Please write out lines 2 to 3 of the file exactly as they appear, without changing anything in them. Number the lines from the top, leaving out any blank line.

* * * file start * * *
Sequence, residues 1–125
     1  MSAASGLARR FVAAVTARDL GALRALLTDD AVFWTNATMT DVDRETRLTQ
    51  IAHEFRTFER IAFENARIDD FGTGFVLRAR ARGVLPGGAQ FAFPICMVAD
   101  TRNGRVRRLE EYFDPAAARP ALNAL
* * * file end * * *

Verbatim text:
     1  MSAASGLARR FVAAVTARDL GALRALLTDD AVFWTNATMT DVDRETRLTQ
    51  IAHEFRTFER IAFENARIDD FGTGFVLRAR ARGVLPGGAQ FAFPICMVAD